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The future of UK Flood Insurance is Flood Re

As we have previous reported, the Statement of Principles on the Provision of Flood Insurance, an agreement currently in place between the Association of British Insurers and the Government which committed insurers to provide affordable flood cover for domestic and small business premises, was due to expire at the end of July 2013 following a short stay of execution.

After months of closed door negotiations, the ABI and the government have at last agreed a memorandum of understanding to safeguard the affordability and availability of flood insurance for home owners. The memorandum provides for the current agreement to continue until a new fund, Flood Re, is created.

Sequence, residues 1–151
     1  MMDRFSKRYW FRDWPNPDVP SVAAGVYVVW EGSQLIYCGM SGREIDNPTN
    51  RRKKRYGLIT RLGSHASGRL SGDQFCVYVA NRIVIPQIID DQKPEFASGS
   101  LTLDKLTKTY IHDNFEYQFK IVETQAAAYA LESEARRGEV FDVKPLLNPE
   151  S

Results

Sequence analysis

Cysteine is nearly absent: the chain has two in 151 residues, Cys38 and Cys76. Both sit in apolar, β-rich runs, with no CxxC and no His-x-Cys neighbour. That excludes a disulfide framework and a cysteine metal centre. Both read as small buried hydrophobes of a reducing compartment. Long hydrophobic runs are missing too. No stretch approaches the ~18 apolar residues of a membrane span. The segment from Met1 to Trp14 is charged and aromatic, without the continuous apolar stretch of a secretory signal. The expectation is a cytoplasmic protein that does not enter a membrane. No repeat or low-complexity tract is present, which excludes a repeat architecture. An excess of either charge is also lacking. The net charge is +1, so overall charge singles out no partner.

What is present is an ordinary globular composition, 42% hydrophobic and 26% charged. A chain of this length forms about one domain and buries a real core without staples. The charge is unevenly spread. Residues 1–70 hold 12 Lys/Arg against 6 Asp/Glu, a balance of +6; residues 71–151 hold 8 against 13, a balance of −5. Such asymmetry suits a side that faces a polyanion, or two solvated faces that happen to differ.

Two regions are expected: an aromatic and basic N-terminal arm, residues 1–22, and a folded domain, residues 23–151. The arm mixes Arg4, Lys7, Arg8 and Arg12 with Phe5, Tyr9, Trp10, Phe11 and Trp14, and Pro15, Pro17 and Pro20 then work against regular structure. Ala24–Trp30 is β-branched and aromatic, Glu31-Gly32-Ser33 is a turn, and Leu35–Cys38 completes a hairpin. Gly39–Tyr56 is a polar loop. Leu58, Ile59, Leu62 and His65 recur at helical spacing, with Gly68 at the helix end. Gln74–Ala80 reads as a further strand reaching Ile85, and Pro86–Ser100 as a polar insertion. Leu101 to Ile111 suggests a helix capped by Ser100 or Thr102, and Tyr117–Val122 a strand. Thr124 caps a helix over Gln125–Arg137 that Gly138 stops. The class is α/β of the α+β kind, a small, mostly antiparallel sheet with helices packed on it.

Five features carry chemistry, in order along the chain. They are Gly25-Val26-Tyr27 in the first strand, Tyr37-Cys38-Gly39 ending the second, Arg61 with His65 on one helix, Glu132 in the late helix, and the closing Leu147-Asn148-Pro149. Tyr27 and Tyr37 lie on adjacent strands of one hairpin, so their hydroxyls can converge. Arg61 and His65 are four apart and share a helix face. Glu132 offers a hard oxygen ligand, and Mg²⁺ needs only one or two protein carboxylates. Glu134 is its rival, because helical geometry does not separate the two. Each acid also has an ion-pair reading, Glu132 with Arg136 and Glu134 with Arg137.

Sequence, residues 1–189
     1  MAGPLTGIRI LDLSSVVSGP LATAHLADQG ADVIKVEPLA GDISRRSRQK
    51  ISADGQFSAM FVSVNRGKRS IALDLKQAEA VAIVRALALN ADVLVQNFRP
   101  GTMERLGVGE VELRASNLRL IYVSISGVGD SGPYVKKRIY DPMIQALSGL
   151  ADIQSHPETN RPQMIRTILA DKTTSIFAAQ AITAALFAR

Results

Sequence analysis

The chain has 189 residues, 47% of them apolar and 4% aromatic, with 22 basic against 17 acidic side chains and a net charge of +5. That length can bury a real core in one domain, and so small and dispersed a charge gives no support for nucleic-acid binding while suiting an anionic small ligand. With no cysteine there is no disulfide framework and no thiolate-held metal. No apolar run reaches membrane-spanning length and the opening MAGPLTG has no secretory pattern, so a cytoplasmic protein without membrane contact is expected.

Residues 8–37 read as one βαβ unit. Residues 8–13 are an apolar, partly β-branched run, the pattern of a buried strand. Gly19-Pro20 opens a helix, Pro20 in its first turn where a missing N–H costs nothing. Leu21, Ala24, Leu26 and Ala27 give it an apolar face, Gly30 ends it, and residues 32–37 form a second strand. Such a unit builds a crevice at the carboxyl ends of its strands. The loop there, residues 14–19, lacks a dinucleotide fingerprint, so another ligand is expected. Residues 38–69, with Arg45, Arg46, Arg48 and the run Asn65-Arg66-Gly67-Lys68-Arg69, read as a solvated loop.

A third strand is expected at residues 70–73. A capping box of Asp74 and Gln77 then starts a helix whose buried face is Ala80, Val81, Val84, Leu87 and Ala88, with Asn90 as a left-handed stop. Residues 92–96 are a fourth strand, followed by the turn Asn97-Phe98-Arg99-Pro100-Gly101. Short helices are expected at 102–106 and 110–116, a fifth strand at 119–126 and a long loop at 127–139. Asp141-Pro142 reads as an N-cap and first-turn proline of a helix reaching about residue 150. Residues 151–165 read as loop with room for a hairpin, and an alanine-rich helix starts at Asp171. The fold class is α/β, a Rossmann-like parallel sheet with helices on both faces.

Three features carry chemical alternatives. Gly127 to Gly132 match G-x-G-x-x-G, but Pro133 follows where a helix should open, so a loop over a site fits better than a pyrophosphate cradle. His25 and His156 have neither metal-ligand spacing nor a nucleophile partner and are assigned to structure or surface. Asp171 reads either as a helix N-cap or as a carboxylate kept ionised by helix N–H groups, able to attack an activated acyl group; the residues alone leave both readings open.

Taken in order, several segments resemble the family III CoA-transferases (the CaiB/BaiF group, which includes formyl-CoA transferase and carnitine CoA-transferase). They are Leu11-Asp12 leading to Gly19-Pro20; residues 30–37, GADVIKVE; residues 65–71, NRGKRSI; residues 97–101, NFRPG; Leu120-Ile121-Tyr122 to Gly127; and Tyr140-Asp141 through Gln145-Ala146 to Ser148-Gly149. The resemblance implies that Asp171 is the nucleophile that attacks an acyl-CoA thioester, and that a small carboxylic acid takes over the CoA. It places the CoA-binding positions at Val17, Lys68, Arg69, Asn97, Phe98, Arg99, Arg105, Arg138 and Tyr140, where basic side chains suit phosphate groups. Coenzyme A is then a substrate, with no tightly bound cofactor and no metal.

Flood Re will be a dedicated fund to cover the cost of flood claims by collecting an annual levy of £180 million from member firms to cover the cost of flood claims from high risk homes.  The cost of the levy will be passed onto all households through increased insurance premiums. The cost is expected to be around £10.50 per household.

Households with flood risk will then pay a premium based on council tax banding, up to a maximum limit.

The aim is for Flood Re to cover the vast majority of flood claims. If the fund were overwhelmed by extreme flood conditions (those expected in a year six times worse than 2007, the worst year for floods in recent memory) the Government would act as an insurer of last resort.

In a statement, Otto Thoresen, the ABI’s Director General explained that:

“Getting to this stage has required compromise by both sides and there remain issues that need to be overcome. For Flood Re to be established successfully there needs to be an unprecedented level of partnership between the Government and the industry. But insurers and the Government are now working towards a shared vision.” 

The aim is for Flood Re to be up and running by summer 2015.